I-CAMP 2014

submitted by: icamvid

I-CAMP 2014

biosights: May 12, 2014 - Phosphoinositides get cells in shape

submitted by: JCB
Early Drosophila embryos undergo 13 rounds of rapid nuclear division before enclosing each nucleus into an individual, membrane-bound cell. Reversi et al. describe how the phosphoinositides PI(4,5)P2 and PI(3,4,5)P3 control the resulting cell shapes by coordinating actomyosin contractility with plasma membrane expansion. This biosights episode presents the paper by Reversi et al. from the May 12, 2014, issue of The Journal of Cell Biology and includes an interview with senior author Stefano...

Dan Voytas at the 2014 DOE JGI Genomics of Energy & Environment Meeting

submitted by: JGI

Dan Voytas, University of Minnesota, at the 9th Annual Genomics of Energy & Environment Meeting on March 20, 2014 in Walnut Creek, Calif.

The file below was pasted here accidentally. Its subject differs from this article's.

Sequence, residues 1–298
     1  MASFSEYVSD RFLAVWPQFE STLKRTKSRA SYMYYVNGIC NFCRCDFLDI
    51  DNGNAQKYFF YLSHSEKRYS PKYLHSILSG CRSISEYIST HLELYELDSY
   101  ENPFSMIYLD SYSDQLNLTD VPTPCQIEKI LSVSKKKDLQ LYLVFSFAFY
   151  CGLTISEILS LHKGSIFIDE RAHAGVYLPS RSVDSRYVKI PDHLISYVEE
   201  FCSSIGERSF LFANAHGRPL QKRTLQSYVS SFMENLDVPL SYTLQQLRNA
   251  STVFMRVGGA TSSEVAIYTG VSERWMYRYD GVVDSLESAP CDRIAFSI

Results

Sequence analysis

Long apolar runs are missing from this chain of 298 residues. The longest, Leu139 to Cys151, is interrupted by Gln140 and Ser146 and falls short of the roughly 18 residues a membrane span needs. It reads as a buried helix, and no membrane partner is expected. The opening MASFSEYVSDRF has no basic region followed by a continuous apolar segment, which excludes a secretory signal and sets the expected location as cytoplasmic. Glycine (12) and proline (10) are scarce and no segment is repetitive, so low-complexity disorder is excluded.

David Berry at the 2014 DOE JGI Genomics of Energy & Environment Meeting

submitted by: JGI

David Berry, University of Vienna, at the 9th Annual Genomics of Energy & Environment Meeting on March 20, 2014 in Walnut Creek, Calif.

Adam Arkin at the 2014 DOE JGI Genomics of Energy & Environment Meeting

submitted by: JGI

Adam Arkin, Lawrence Berkeley National Laboratory, at the 9th Annual Genomics of Energy & Environment Meeting on March 20, 2014 in Walnut Creek, Calif.

Making Muscle: Tissue Engineering in MUSC's Department of Surgery

submitted by: mcgheek
Samir Fakhry, M.D., Chief of MUSC's Division of General Surgery, and Michael Yost, PhD, Associate Chair of Research in MUSC's Department of Surgery, discuss the promise of engineered tissues for the treatment of surgical and trauma patients. Engineered tissue can instruct the body to regenerate native tissue instead of generating scar, improving cosmetic and functional outcomes. Bioprinters, 3D printers for living tissue, will help realize the promise of engineered tissue for clinical care.k